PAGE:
Hands-on Pumping: Helps Mothers Make More Milk
Some mothers struggle to make enough milk. This is often true when a baby is not able to fully nurse and the mother needs to use a breast pump. Breast compression (a type of breast massage) and hands-on pumping (also called hand expression) can help mothers make more milk.
What is Hands-on Pumping?
Hands-on pumping is a type of breast massage that can help you pump more milk. It helps the breast drain more each time you pump. This helps you make more milk, including more of the fatty hind milk that your baby needs to grow.
How is Hands-on Pumping Done?
• Start pumping with a hospital grade pump as soon as you can after your baby
• Pump 8 times a day, or every 3 hours, for about 20 minutes (this includes
during the night).
• Massage your breasts before pumping to help with let-down. Massage both
breasts using small circles, like a self breast exam. Pay extra attention to the
outer parts of the breast.
• Stroke both breasts from the outside in toward the nipples. Use a light touch
to relax and help with your let down.
• Double pump with breast massage and compression for 15 minutes. Hint: A
hands free pump bra makes this much easier.
• Adjust suction to the highest level that is comfortable for you. It should not
• After 15 minutes, stop pumping and repeat the breast massage.
• Next, pump and massage one breast at a time. Be sure to pay attention to
any spots where you feel lumps. These lumps are full milk ducts. Stroke from
the outside in toward the pump, use medium pressure to empty the ducts.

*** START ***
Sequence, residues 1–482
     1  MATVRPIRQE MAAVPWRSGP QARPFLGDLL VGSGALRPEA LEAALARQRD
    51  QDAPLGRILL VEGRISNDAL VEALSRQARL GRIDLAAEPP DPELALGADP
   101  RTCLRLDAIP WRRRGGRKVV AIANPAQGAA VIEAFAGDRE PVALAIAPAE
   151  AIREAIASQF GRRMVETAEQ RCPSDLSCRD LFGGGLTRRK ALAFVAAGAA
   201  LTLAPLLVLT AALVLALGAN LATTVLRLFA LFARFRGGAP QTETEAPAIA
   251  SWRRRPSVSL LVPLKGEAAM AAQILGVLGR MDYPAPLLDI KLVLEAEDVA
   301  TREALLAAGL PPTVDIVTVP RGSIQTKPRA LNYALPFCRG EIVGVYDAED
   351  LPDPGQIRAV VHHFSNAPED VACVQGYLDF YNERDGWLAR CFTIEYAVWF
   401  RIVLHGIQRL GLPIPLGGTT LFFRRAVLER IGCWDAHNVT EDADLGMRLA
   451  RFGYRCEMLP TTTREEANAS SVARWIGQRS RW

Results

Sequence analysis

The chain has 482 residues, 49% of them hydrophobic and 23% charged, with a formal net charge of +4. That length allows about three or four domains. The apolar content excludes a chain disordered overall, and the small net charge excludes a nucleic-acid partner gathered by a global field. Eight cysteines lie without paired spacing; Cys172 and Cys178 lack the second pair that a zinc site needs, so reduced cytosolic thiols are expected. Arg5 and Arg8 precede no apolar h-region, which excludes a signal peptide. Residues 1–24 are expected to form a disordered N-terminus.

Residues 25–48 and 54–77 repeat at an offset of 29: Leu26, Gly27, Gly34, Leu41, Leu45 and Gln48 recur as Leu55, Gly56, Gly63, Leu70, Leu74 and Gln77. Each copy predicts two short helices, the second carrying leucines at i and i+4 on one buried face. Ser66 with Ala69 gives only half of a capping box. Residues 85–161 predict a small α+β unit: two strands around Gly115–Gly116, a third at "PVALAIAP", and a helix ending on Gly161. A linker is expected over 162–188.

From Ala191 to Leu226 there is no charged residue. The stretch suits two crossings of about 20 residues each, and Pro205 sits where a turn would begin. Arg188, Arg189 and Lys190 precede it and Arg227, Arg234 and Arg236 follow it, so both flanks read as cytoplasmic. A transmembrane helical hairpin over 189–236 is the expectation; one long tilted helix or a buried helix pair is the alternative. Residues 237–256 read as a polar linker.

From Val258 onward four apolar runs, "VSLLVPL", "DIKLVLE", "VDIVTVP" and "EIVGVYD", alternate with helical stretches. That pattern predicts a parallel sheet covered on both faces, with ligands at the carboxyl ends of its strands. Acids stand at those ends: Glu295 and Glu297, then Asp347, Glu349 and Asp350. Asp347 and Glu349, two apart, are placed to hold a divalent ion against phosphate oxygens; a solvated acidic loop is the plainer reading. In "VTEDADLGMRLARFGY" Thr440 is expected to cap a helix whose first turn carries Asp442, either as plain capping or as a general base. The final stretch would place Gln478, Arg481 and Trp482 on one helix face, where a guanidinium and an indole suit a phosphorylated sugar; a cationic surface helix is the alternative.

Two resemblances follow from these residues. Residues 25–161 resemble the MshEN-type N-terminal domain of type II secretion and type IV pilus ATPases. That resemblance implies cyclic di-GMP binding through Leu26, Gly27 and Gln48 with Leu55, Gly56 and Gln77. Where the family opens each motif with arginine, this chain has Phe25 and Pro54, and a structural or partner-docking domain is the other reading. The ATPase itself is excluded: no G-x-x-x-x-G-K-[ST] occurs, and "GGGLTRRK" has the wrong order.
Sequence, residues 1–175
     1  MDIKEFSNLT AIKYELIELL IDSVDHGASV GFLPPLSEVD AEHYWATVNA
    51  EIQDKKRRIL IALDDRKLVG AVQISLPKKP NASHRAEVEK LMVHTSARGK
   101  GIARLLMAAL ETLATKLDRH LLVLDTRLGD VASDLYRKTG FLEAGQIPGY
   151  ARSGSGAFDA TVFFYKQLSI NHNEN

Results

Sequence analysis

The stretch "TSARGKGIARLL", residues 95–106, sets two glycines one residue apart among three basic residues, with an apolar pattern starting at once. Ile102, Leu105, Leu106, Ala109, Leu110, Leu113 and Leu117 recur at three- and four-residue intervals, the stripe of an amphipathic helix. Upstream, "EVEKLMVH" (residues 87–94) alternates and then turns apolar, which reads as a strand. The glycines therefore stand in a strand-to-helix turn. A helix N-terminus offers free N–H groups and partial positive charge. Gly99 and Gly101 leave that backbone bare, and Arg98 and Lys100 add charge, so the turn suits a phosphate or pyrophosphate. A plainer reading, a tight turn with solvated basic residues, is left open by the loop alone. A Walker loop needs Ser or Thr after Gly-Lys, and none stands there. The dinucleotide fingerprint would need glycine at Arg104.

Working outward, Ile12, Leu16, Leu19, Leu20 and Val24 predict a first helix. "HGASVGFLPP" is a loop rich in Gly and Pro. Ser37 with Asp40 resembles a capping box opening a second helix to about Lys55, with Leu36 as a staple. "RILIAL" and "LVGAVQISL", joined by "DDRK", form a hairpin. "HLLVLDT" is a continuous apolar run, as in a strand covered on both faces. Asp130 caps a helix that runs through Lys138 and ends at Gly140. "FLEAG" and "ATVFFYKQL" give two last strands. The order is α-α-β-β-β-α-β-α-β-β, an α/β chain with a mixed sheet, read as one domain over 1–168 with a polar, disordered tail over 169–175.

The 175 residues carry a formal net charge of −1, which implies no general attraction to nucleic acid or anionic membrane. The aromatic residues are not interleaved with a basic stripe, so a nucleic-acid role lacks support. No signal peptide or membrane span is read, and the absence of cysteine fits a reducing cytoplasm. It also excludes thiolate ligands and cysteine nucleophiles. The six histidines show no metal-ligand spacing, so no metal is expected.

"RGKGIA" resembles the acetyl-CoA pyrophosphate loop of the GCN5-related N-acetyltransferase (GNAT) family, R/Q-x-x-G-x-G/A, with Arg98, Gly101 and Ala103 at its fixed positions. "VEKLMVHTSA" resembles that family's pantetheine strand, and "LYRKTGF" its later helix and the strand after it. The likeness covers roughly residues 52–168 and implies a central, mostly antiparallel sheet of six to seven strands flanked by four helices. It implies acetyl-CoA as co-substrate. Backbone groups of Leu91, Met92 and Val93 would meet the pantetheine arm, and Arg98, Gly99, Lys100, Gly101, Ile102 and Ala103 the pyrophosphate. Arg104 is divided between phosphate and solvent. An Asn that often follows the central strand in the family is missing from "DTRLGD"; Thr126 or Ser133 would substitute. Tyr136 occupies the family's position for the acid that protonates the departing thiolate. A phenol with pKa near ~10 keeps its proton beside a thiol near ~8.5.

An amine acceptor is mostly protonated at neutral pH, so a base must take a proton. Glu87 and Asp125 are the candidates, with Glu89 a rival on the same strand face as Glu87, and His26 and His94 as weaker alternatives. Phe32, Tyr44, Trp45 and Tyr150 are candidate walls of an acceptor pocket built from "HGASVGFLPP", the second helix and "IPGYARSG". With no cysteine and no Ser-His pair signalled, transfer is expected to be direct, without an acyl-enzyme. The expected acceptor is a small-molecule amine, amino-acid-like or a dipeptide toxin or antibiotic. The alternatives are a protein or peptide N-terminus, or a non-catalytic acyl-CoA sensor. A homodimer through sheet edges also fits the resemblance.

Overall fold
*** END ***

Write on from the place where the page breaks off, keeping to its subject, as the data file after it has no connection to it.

Keep going until the sprays of milk stop, usually about 3 to 5 minutes.
• Pump the other breast, the same way.
• Finish by hand expressing (pressing your breast with your hand to push milk
out) into the pump flanges. This last milk is the richest hindmilk you produce!
Where Can I Find More on This?
To watch a video demonstration of hands on pumping follow the link below:
Video link: http://newborns.stanford.edu/Breastfeeding/MaxProduction.html
The information provided should not be used during any medical emergency or for the diagnosis or treatment of any medical condition. A licensed physician should be consulted for diagnosis and treatment of any and all medical conditions. Call 911 for all medical emergencies. Any duplication or distribution of the information contained herein is strictly prohibited.
Last Updated: 05/10/2013
Copyright © 05/09/2013 University of Wisconsin Hospitals and Clinics Authority. All rights reserved. Produced by the Department of Nursing. HF#7498
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